Twins resign Nick Punto.  This is only news because I really wanted the Phillies to bring back the little guy.  He would have been a great fill-in for Utley for a couple months and then brought utility to the team the rest of the year.  However, I’m glad for him that the Twins ponied up and gave him an $8.5 million, two-year deal.  I probably wouldn’t have wanted him at that price.

Tigers signed my favorite MLB player.  This is only news because of my professional obsession with Adam Everett.  The Tigers decided that defensive shortstops are still valuable–at least worth a million bucks–and that offense is completely overrated, as they agreed to a one-year deal with Adam Everett–the major league player who most has the major league equivalent of the the D-III game that Yours Truly brought to the table.

Blue Jays take a shot on Matt Clement.  Yes, Matt Clement hasn’t made a start in a year and a half, but why not take a chance?  The guy was talented and with medicine these days, who knows?  That’s exactly what the Blue Jays did when they signed him to a minor league contract.

Oswalt’s offer is fantastic.  Roy Oswalt said that he is willing to restructure his contract to help the Astros compete in the financial market of free agents and the Hot Stove League.  Granted, he is not offering to take a pay cut, according to Richard Justice, but still he is doing anything he can to help his team win–even in the offseason.  That’s the kind of guy I want on my team.

Why would the Mariners not bring back Junior Griffey?  I rarely advocate bad teams spending money on aging players; the Mariners are a very bad team and Junior Griffey is a very aged player, but this time it’s different.  He has been such a great person to this league and bringing him home should easily pay for itself in seat revenue, if he is healthy at all.  They are talking about it, but they should just go ahead and do it.

Guys that have been discussed surrounding the Phillies:

  • Pat Burrell.  The market for Burrell is pretty dry, apparently.  He probably picked a really bad year to become a free agent, but then again, he’s already signed quite the contract in the past.
  • Chan Ho Park.  Apparently, the Phillies signed him today.  Surprisingly, I don’t really mind this deal, even though it is for $2.5 million and a bad pitcher.  I think Park has something left and it might be worth taking a shot (albeit, a relatively expensive one).  I don’t think there is any way that he is worse than a decent 6th or 7th inning guy.  Again, expensive for a middle reliever, but you’re paying for the upside.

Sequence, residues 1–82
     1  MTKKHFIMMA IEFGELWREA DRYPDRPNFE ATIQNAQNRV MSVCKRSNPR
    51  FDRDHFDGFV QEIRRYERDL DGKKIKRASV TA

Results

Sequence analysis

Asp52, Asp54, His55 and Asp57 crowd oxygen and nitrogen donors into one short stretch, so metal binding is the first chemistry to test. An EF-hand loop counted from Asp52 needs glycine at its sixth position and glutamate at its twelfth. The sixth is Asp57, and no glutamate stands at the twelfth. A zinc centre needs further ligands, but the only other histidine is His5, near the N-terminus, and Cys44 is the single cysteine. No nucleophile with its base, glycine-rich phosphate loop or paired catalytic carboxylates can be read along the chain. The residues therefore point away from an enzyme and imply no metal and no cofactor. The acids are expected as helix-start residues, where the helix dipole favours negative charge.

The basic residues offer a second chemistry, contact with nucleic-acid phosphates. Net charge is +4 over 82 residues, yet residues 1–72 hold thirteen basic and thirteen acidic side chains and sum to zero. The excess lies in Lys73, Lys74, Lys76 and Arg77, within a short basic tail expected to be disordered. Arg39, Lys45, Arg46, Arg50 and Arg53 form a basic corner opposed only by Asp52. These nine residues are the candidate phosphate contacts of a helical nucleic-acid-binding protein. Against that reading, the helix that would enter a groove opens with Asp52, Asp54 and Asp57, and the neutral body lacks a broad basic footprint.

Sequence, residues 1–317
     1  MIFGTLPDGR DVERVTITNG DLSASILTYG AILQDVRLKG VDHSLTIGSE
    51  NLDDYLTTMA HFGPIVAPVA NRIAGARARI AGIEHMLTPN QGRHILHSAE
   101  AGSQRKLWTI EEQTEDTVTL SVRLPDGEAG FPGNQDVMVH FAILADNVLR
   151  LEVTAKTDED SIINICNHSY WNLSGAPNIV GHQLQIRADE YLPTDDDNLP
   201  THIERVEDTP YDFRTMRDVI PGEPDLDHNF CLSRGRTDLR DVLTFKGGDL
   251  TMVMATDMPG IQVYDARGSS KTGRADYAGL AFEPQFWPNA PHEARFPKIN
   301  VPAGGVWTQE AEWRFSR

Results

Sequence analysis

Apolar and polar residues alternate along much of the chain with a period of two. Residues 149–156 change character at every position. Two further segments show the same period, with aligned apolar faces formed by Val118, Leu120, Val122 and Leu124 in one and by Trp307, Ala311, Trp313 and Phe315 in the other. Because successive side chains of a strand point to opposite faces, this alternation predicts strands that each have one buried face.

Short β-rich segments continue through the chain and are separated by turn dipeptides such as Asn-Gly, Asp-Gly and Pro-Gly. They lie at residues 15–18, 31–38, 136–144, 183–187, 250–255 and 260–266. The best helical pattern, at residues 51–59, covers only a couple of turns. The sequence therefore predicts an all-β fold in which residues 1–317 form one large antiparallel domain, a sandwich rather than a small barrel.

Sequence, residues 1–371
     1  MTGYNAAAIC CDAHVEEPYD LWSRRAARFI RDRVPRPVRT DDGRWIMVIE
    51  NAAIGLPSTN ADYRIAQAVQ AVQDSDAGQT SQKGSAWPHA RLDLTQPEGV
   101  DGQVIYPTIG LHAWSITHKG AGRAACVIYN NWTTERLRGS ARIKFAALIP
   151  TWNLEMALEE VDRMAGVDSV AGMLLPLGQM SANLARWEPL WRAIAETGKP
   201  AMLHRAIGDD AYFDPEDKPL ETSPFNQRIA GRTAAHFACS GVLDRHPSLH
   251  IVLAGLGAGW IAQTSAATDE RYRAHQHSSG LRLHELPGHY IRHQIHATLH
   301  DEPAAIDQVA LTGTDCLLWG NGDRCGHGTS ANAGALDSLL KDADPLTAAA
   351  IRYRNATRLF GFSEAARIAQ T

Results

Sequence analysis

• Andy Pettitte.  With the Park signing, it looks unrealistic that the Phils bring in Pettitte.  I don’t think they really had a shot anyway.
  • Delmon Young.  Why they would trade prospects for such a terrible human being is beyond me.  Fortunately, the Ibanez signing pretty much put a fork in these talks–not that the Phils were all that serious to begin with.
  • Juan Rivera.  They chose Ibanez.  Good choice, methinks.

More Ridiculous Statistics

1). With Matt Ryan leading the Falcons to their 9th win of the season, they tie the all-time NFL record for wins in a season by a team with a rookie quarterback and a rookie head coach.  Interestingly enough, they tied the record held by…the 2008 Baltimore Ravens.  Yes, before this season, the record for wins in a season by a team with rookies at quarterback and head coach was SEVEN.  Both the Ravens and the Falcons have rookies at QB and head coach, and they are both 9-5.

2). With Kurt Warner’s resurgent season, he has set the franchise record for career 300+ yard passing games as a Cardinal.  Now, the Cardinals haven’t exactly had a long, storied tradition of great passers (hell, the record he broke was held by Neil Lomax), but still, do you think Cardinal when you think Kurt Warner?  Not at all.  I thought this was weird…and ridiculous.

3). Kerry Collins has passed Jim Kelly for 14th all-time in passing yards.  Read that again.  If Collins comes back as a starter in the NFL next year and has an average year (2,500 yards), he will pass JOE MONTANA into 10th all-time.